October 2, 2008 at 12:02 pm #3399
Oil May Fall to $50 in Global Recession, Merrill Says (Update2)
By Angela Macdonald-Smith
Oct. 2, 2008 (Bloomberg) — Crude-oil prices may fall as low as
$50 a barrel next year, about half current levels, in the
“unlikely” event of a global recession, weighing on shares of
petroleum producers, Merrill Lynch & Co. said.
Such a scenario, where global growth in Gross Domestic
Product falls to 1.5 percent, isn’t the base-case forecast, the
bank said today in a report. Merrill cut its 2009 average price
estimate for West Texas Intermediate, the U.S. benchmark oil
grade, by 16 percent to $90, citing falling demand and the start
of new fields in Organization of Petroleum Exporting Countries.
Crude-oil future prices have fallen almost a third in New
York since reaching a record $147.27 a barrel on July 11, driven
by concerns a worsening financial crisis in the U.S. is crimping
energy demand. U.S. oil use is declining faster than expected,
while European consumption is falling “rapidly,” and OPEC
production capacity is “just about to soar,” Merrill said.
“Combined, these factors represent significant short-term
headwinds for both upstream and downstream companies alike,”
Merrill analysts Mark Hume and Alexis Clark said in the report.
“Notionally it is conceivable that in a worst-case scenario
global oil demand actually contracts in the near-term as it did
back in the 1980s post the Iranian Revolution.”
Oil demand growth in China and India, the world’s fastest-
expanding major economies, may slow down in 2009, Merrill said.
China’s crude-oil demand may rise by about 270,000 barrels
a day, or about 3.4 percent, while India may consume 40,000
barrels, or 1.4 percent, more crude a day in 2009, the bank
said. India’s crude-oil use last year rose by 6.7 percent to
2.74 million barrels a day and consumption in China climbed 4.1
percent to 7.85 million, according to BP Plc’s Statistical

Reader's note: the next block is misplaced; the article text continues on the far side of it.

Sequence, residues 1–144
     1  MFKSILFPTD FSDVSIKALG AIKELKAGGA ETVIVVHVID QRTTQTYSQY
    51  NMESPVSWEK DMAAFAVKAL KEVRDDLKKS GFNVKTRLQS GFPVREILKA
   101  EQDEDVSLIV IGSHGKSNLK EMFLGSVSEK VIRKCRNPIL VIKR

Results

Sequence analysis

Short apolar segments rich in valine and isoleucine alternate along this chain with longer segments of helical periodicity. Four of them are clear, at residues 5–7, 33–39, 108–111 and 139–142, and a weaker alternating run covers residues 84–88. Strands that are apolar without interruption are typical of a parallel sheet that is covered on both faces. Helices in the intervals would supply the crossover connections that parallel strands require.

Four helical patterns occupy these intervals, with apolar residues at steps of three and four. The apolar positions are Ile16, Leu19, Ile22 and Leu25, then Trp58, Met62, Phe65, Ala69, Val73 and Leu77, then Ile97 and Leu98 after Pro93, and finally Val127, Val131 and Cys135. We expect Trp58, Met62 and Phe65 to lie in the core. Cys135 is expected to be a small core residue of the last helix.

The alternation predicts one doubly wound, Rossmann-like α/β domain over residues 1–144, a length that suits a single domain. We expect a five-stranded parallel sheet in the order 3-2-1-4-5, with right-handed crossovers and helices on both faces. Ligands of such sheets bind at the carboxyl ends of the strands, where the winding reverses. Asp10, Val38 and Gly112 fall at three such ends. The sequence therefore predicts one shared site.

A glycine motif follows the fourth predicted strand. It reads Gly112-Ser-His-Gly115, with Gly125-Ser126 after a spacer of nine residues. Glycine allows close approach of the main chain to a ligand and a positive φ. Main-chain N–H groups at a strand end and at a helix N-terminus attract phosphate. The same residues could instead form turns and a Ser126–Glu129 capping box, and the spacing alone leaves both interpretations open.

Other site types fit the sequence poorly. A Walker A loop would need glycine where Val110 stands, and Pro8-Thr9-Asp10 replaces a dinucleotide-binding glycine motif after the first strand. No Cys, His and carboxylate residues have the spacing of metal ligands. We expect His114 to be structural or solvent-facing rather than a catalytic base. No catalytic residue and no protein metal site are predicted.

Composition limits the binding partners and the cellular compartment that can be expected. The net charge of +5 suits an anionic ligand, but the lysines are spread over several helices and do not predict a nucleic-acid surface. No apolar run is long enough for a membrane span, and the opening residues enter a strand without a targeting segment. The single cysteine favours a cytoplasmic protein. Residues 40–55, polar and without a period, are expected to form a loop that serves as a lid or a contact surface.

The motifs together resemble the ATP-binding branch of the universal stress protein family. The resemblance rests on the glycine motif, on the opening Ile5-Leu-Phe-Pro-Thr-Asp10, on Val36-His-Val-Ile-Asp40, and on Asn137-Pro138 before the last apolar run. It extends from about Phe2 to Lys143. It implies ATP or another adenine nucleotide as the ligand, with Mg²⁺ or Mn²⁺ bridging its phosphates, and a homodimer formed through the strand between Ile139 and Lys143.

Review of World Energy 2008.
“Against our initial expectations, some of the emerging
markets are not keeping up either,” the Merrill analysts said.
A decline in prices to $50 would impede investment
decisions on projects, said Anthony Nunan, assistant general
manager for risk management at Mitsubishi Corp. in Tokyo.
“You’re already seeing some delays because of the credit
issues now,” Nunan said. “Longer-term, this is bullish
because it adds to the already chronic supply problem.”
Crude oil for November delivery today gained as much as
1.9 percent to $100.37 a barrel in New York as the U.S. Senate
passed a $700 billion financial-rescue package aimed at
limiting the slowdown of economic growth in the world’s biggest
A “string” of fields in Saudi Arabia, Qatar and
elsewhere within OPEC is set to increase capacity within the
exporting group by about 3 million barrels a day in the next 18
months, the analysts said. In addition, refinery expansions and
new projects will add about 900,000 barrels a day of distillate
and 700,000 barrels a day of gasoline production capacity, they
The long-term cycle for oil prices “remains intact”
because of under-investment in the industry, the Merrill
analysts, based in Sydney and Melbourne, said.
“We argue that structural under-investment in the energy
sector remains a key concern and once the economy re-emerges
from its current decelerating trend, energy demand will likely
start to strengthen and place upward pressure on prices that
could structurally break above $150 a barrel as economic
activity recovers,” Merrill said.
The revised 2009 price forecasts are 20 percent lower than
market consensus and 10 percent below forward prices, Merrill
said. Preferred investments in the industry are “quality
names” that offer “solid valuation, visible catalysts and
minimal oil-price exposure,” it said, reiterating its “buy”
recommendations on Oil Search Ltd. and Santos Ltd. among
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